Exotic fly released on WA’s South Coast to combat snails

Grain Central, March 18, 2024

Kate Muirhead, Dr Kym Perry, Lizzie von Perger, and Svetlana Micic place snails with parasitic flies into release buckets as part of a biocontrol trial at Wellstead. Photo: DPIRD

A BIOCONTROL program has commenced on Western Australia’s South Coast, where Australian-bred parasitoid flies have been released to help control snail pests and protect crop yields, quality and growers’ profitability.

The flesh fly, originally introduced as a biocontrol agent from France, only targets the grains pests pointed snail and small pointed snail.

The biocontrol program, part of a larger four-year project by the South Australian Research and Development Institute and the University of Adelaide, is an investment of the Grains Research and Development Corporation.

WA’s Department of Primary Industries and Regional Development has joined forces with Stirlings to Coast Farmers, South East Premium Wheat Growers Association and SARDI to release the flies for the first time in WA

The fly was cleared for release in Australia as a biocontrol agent 20 years ago.

In the early 2000s, populations of the fly sourced near Montpellier in France were mass-reared and released by SARDI and CSIRO on South Australia’s Yorke Peninsula, where it has since established and spread.

In recent years, parasitism levels of more than 30-40 percent have been observed in localised areas of suitable habitat.

Snail damage to grain crops has increased over the past decade in coastal and high-rainfall areas, and is estimated to cost the WA grains industry more than $6 million per annum in lost production and control costs.

Alongside baiting and strategic paddock management, DPIRD research scientist Svetlana Micic said biocontrol could provide an additional option to suppress snail populations.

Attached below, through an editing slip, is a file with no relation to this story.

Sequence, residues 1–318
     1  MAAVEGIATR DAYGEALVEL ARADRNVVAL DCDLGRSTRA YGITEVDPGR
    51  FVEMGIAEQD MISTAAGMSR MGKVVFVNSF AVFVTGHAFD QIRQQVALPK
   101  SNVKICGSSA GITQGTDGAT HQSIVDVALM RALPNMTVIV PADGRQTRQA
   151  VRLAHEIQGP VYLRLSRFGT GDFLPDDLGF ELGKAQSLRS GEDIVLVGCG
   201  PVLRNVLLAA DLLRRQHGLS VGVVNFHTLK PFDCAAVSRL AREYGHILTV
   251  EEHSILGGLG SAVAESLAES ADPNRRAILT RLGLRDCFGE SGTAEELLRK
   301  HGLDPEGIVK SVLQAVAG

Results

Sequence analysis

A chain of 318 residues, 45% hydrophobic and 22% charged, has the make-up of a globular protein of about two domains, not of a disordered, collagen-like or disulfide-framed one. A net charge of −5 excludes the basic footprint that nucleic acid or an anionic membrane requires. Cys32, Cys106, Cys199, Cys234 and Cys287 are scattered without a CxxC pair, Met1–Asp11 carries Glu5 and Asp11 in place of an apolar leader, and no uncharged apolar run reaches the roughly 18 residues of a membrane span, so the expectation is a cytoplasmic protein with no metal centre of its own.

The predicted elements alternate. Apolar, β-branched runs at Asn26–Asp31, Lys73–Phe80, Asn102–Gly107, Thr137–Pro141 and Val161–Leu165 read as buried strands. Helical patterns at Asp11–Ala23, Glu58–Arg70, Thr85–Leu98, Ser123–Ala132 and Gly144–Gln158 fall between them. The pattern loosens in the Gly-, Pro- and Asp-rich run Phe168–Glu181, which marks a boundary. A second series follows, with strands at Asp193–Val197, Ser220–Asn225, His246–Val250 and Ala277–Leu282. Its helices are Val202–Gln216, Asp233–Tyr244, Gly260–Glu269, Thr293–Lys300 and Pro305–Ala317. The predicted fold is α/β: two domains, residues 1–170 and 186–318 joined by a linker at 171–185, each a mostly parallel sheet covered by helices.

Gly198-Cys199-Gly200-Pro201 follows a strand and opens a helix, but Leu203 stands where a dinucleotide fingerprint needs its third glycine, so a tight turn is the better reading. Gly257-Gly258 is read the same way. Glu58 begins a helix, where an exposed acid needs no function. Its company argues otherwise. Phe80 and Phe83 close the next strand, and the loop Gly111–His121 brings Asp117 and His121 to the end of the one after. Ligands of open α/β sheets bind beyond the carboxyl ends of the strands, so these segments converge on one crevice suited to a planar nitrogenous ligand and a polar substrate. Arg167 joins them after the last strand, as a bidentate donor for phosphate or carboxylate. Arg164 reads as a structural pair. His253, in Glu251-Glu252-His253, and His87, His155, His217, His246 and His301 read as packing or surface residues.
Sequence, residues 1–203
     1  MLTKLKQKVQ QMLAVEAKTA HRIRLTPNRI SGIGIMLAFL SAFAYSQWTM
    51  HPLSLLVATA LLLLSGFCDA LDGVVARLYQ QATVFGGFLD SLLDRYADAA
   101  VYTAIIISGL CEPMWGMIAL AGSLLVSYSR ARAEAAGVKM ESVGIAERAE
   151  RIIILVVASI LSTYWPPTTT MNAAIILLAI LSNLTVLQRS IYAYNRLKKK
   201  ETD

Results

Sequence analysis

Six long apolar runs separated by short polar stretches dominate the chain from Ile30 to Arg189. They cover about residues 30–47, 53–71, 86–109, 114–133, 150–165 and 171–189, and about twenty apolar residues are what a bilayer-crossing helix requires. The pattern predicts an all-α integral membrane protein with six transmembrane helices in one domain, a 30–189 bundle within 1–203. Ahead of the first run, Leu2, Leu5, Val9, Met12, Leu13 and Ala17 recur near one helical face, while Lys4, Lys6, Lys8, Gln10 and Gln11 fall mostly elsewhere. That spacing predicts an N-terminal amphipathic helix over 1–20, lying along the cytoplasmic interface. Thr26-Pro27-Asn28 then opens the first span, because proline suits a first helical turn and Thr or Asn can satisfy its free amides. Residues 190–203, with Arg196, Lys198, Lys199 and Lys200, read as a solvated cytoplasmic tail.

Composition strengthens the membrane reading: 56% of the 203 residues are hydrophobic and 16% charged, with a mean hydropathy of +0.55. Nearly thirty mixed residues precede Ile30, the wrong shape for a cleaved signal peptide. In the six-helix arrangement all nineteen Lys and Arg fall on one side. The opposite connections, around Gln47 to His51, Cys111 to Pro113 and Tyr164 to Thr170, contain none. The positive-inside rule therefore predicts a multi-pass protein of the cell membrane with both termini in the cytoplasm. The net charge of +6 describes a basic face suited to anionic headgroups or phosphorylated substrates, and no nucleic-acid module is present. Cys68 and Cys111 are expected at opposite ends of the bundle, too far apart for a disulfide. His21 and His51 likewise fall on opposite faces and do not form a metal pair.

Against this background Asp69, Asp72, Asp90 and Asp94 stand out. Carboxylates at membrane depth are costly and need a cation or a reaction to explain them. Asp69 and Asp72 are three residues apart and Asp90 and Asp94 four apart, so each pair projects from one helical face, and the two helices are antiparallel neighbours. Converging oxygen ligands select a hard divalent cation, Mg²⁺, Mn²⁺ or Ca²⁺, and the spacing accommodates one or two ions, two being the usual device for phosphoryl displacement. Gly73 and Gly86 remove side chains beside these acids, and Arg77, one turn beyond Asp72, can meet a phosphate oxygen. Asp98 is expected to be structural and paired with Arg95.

“The female flies attack conical snails by laying a live larva on the outside of the shell of a resting snail, which crawls inside and consumes the host, and then emerges as an adult fly,” Ms Micic said.

“There can be five, six or more generations of flies attacking snails throughout the spring and summer.

“About 1000 flies, reared at SARDI’s laboratories in Adelaide, were released during the week at sites in the South Stirlings, Woogenellup and Esperance districts.

“Additional releases will be performed over time to boost numbers and maximise the chances of the fly establishing successfully.

“It will take some time for the flies to establish.

“Over the next couple of seasons, we will perform more releases, together with SARDI, and then monitor release sites for establishment success and the potential to extend the program to other parts of the WA grainbelt.

“While biocontrol is not a silver bullet, it could prove to be a useful tool for growers with high snail populations.”

The trial builds on GRDC research led by CSIRO and SARDI to investigate factors affecting fly parasitism of pest snails on SA’s Yorke Peninsula.

SARDI entomology and University of Adelaide project leader Kym Perry said the biocontrol program formed part of a multi-faceted effort to improve snail management outcomes for grain growers nationally, through significant investment support from GRDC and the SA Grain Industry Trust.

“Conical snails are a particularly difficult management challenge for Australian grain growers, due to their small size, cryptic behaviour and potential to reach large numbers,” Dr Perry said.

“Biocontrol is a longer-term prospect that, once established, can help to provide partial suppression of conical snail populations free to growers as part of a larger integrated management program.

“The goal of these initial fly releases in WA is to establish local populations of parasitoid flies in the state, which can spread naturally across snail affected areas over time and, ultimately, become another tool in the management toolbox.

“It’s fantastic to be working together with DPIRD and farming groups Stirlings to Coast Farmers and SEPWA to provide more tools for snail management in the West.”

Source: University of Adelaide


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